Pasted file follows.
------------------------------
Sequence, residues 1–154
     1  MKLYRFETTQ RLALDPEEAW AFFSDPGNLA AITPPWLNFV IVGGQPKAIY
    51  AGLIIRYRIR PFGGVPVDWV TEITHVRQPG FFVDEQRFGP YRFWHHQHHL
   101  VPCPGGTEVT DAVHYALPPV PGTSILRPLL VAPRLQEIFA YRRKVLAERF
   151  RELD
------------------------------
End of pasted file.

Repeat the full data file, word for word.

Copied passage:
Sequence, residues 1–154
     1  MKLYRFETTQ RLALDPEEAW AFFSDPGNLA AITPPWLNFV IVGGQPKAIY
    51  AGLIIRYRIR PFGGVPVDWV TEITHVRQPG FFVDEQRFGP YRFWHHQHHL
   101  VPCPGGTEVT DAVHYALPPV PGTSILRPLL VAPRLQEIFA YRRKVLAERF
   151  RELD